The update's exact release date hasn't been set yet. Windows 10 was officially released on July 29, 2015 -- but that doesn't mean that the Anniversary Update will hit on the exact date.
When it is ready, the update will be delivered -- as usual -- via Windows Update. (For information about how Windows Update works, check out my article explaining how to handle Windows 10 updates.) That means you won't have to do anything manually -- it will install automatically on its own.
But you don't have to wait until the official release date to install and use the update. Microsoft is releasing preview builds well before then -- including one that you can install today.
As of this writing, the latest update is Windows 10 Insider Preview Build 14328. What follows includes information about features that Microsoft has announced will be in the final as well as features that are implemented in some way in the most recent build.
Although the update is being called the Windows Anniversary Update, don't expect many big presents. While there are some very solid and useful additions, this isn't a big-bang change to the operating system.
But first: How to jump the update queue
To get previews, you have to join Microsoft's Windows Insider Program, and then put yourself into what's called the Fast ring for updates. Go to the Windows Insider Page and click "Get Started."
You'll have to agree to opt in. Then go to your computer's Settings / Update & Security / Windows Update / Advanced options, scroll down to the "Get Insider Preview builds" section and click Get Started. You'll get a warning that the software you're going to download might not be fully tested. If you still want to go ahead, click Next.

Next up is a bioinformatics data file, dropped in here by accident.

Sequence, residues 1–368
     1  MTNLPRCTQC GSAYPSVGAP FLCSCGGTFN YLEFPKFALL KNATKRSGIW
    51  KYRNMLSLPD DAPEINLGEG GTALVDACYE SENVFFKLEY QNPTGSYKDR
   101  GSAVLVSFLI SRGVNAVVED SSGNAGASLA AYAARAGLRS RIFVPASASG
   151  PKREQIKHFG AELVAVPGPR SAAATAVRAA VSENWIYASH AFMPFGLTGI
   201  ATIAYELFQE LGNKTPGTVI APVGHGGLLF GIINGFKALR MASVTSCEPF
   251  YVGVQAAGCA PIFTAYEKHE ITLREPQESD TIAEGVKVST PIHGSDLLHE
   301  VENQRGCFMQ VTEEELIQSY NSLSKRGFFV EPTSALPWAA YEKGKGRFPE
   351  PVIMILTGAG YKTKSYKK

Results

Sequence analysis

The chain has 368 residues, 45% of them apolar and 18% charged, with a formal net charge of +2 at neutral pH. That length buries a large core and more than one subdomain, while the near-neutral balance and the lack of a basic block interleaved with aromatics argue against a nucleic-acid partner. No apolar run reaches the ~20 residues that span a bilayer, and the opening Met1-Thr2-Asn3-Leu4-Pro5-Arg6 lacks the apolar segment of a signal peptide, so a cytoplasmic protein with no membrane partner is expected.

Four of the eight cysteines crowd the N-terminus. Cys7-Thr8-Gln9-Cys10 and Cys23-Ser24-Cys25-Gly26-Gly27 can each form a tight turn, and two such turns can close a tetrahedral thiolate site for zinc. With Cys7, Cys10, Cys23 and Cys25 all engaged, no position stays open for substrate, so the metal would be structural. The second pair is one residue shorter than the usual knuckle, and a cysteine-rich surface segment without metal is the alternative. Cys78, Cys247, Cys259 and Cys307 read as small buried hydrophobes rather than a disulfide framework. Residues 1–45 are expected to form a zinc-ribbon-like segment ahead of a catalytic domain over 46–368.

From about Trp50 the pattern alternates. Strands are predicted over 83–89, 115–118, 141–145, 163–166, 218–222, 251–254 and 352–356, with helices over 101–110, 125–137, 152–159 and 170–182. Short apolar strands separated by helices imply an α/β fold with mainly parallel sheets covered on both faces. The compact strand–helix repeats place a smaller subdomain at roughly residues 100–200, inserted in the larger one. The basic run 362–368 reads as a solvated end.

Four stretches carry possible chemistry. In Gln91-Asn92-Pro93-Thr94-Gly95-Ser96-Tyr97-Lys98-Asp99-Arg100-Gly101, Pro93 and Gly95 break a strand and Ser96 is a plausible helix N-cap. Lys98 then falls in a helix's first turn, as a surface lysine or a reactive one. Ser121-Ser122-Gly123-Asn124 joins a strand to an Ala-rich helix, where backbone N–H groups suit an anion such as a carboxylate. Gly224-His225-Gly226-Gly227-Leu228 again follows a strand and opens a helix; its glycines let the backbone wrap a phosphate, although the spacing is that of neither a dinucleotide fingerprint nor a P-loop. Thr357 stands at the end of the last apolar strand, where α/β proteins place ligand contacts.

But before you can continue, there will be an even more dire warning that "if you ever want to stop receiving Insider Preview builds you may need to remove everything from your PC and reinstall Windows." Click Confirm if you're still interested in testing preview versions. Then restart your computer.
After the restart, click the Start button and select Settings / Update & Security / Windows Update / Advanced options. In the "Get Insider Preview builds" section you'll see that you're set to get Insider Preview builds.
You're not quite done yet, though -- at least, not if you want to get previews as soon as they're released. Microsoft offers two options for obtaining Windows previews -- what it calls the Fast ring and Slow ring. In the Slow ring, you get preview builds after they've been tested, but before their final release to the general public. That's the default for when you first sign up.
If you'd rather hope into the Fast ring -- so you'll get preview builds as soon as Microsoft releases them -- move the slider to the right (you'll see it under the sentence that indicates what your current option is). To move back to the Slow ring, move the slider to the left.
If you decide to opt out of getting Insider Preview builds, click "Stop Insider Preview builds." From the screen that appears, click "Stop receiving Insider Preview builds." If you want to stop getting them only for a few days, click the drop-down list and choose either one, three or five days, then click Apply.
Don't want to deal with the preview? No problem -- here's our own look at what's here and what's coming.
Hey, Cortana, you'll be even smarter